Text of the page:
Yeah, you're totally right, I really mean there's a high floor in a US/Euro context.

I suspect the issue here is banking regulation. US payment processors don't want to store a lot of value. I suspect Wechat and Alipay have entered "too big to fail" territory in China and since they're probably partially state-owned (this is my assumption for basically every large company in China) they don't face the same regulatory pressure.

But, you are right and your example serves to prove that this is a regulatory issue, not a technological one.
posted by GuyZero at 5:30 PM on February 8 [5 favorites]




And, I should say, that Alipay and Wechat would probably love to enter the US market but there are dozens of reasons they won't in the near term.

In the long term William Gibson was nearly right, just 1300 miles off.
posted by GuyZero at 5:32 PM on February 8


We do have seamless micropayments except we pay with micro privacy erosion installments.
posted by srboisvert at 5:36 PM on February 8 [7 favorites]


your example serves to prove that this is a regulatory issue, not a technological one.
posted by GuyZero at 9:30 AM on February 9 [1 favorite +] [!]

We do have seamless micropayments except we pay with micro privacy erosion installments.
posted by srboisvert at 9:36 AM on February 9 [+] [!]


I am right, about the fact that technically it can work. Let no one be in doubt about that fact, I live it.

It's the regulatory side that needs to be questioned, and because we do not live in China, that is the real half of the story here. The fact that I can do it in a centralized surveillance state but y'all can't in places where the government is at least a semblance of democratic is the other half.

I don't have an answer, but I do have this very strong opinion about the issue. I despise seeing the micropayments question get bogged down in technical questions. That's not it and never was.
posted by saysthis at 5:42 PM on February 8 [5 favorites]


In theory, I think, Google AdSense was supposed to sort of be this. But, like all large unregulated companies, they could not keep from keeping 98% of the take for themselves, and so running adsense makes a small blog pennies, if that, but makes google $$$. You can see this happening right now on another Google property, YouTube, where google stops sharing ad revenue with providers for arbitrary reasons but keeps running the ads none-the-less. All schemes like this desire to have a very few people they share income with to keep the providers of content dreaming the dream while shutting out most of them from any of the revenue. It happens time and again.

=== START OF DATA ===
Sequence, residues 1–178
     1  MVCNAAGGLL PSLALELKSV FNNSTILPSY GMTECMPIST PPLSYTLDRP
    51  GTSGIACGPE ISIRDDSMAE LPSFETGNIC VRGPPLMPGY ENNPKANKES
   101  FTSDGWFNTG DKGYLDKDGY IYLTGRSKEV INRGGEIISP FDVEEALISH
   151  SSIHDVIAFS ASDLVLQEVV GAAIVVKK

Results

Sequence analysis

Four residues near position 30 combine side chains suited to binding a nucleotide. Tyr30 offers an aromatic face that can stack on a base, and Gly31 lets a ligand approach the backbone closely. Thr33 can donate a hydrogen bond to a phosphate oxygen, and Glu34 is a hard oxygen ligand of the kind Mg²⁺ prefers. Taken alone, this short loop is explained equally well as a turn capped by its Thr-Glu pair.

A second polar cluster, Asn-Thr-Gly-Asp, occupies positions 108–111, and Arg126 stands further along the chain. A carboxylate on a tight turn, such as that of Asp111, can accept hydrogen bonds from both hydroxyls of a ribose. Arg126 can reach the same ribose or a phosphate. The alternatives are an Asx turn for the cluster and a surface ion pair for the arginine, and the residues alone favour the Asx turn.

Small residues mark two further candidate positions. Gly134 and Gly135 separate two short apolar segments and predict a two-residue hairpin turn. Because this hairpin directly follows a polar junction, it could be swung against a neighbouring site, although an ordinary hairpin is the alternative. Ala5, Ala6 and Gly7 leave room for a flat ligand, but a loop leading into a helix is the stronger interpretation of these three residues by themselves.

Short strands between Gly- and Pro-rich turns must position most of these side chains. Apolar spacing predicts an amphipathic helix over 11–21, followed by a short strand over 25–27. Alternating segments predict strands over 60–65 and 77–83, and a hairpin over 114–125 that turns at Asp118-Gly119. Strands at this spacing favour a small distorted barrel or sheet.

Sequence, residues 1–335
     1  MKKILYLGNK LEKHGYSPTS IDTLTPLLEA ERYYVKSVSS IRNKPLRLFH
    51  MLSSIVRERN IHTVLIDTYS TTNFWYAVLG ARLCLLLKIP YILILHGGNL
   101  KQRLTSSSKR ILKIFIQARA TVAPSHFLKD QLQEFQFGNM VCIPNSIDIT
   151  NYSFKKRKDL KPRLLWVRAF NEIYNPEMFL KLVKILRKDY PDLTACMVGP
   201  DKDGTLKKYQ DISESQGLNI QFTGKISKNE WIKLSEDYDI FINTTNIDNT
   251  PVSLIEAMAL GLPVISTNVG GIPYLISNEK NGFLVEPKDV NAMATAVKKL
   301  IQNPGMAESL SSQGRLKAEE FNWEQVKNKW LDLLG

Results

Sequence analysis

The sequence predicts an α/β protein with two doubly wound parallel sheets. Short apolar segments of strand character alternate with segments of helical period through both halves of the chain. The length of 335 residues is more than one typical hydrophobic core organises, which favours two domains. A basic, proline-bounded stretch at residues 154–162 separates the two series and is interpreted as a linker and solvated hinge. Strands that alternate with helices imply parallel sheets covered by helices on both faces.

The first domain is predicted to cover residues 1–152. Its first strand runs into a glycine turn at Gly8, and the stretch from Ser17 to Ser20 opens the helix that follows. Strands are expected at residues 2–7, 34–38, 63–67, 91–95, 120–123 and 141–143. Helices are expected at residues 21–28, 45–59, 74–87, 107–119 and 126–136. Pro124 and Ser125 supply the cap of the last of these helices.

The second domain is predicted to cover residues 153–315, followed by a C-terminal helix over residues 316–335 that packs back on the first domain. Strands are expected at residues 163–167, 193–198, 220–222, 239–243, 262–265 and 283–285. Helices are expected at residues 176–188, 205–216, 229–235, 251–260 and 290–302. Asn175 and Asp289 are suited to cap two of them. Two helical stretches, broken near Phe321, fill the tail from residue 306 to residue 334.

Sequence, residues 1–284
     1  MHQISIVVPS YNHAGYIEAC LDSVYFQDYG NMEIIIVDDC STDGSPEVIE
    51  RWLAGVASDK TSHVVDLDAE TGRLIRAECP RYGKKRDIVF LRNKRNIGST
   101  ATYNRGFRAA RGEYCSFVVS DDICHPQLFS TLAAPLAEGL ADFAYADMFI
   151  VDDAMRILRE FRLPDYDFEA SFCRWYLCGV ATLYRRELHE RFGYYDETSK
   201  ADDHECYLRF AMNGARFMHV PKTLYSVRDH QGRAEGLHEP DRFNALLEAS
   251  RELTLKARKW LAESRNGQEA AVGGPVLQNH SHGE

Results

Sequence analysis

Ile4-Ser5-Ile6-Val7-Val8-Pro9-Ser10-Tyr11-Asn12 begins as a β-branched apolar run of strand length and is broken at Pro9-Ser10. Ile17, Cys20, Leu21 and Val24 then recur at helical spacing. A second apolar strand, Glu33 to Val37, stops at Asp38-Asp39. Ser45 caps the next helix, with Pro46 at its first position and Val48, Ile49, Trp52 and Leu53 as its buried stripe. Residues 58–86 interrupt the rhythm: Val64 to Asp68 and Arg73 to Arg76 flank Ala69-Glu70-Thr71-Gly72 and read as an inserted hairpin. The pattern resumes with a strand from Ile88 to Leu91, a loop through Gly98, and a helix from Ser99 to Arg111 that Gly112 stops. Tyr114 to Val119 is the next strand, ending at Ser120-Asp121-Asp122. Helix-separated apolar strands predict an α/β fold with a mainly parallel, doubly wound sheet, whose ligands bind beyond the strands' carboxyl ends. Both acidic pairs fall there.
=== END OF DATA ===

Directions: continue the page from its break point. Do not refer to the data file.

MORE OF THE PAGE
posted by maxwelton at 5:49 PM on February 8 [4 favorites]


WeChat and Alipay have been in Canada for a while already. You can even use it at the 7-Eleven.
posted by emeiji at 6:06 PM on February 8 [3 favorites]


In theory, I think, Google AdSense was supposed to sort of be this.

It is, but with the micropayments going from advertisers to Google, Google having sold your eyeballs, and possibly some other parts of you, to the advertisers for fractions of a cent at a time.

The infrastructure could very easily be rejigged to move money in a different direction, but you'd have the same concerns about privacy, corporate surveillance and concentrations of power that you do now. I think there might be enough going for it that it would be an improvement on the current situation, but it doesn't look like a panacea, at least until very heavy regulation kicks in. Or nationalisation, but then people worry about state surveillance, see China above.
posted by deadwax at 6:22 PM on February 8


WeChat and Alipay have been in Canada for a while already. You can even use it at the 7-Eleven.
posted by emeiji at 10:06 AM on February 9 [+] [!]


Last comment I promise, but I don't want people to think I'm hawking e-pay systems when I'm trying to say that infrastructure with micropayment capability exists. Can Chinese tourists use Wechat and Alipay abroad? Absolutely! Are we Chinese tourists? No! Are Wechat and Alipay trying to fix that? Characteristically badly, as things involving foreign banks usually go in China. But they're doing it, they're this far along in about 3 years, and they've got micropayments down domestically.

Notable from emeiji's link is - The partnership with these apps was facilitated by Tourism Toronto and OTT Financial Inc., a Chinese-Canadian financial group working in tandem with Chinese Internet corporations Alibaba and Tencent to bring their systems to Canada...Using the umbrella app OTT Pay – which officially launched last year –buyers can use Chinese Yuan Renminbi from their WeChat Pay or AliPay wallets to pay merchants in converted Canadian dollars.

There are controls in place limiting how much RMB one can exchange per year, and regulatory stuff in China to ensure service providers abroad are following those limits and plugged into the central database. There is a database with everyone's name, ID number (passport number if you're not Chinese), and your annual tally run by the People's Bank of China that blocks your transaction from going through if you exceed that limit. You can go into the bank with the paperwork if you need to exceed that limit, and they have data sharing agreements with Visa, Mastercard et al that allow them access to that data abroad (although as far as I understand, it's limited in scope to what they need to verify exchange caps and no more), otherwise they straight up don't let foreign networks in. That's what slows its spread to countries with freely exchanged currencies.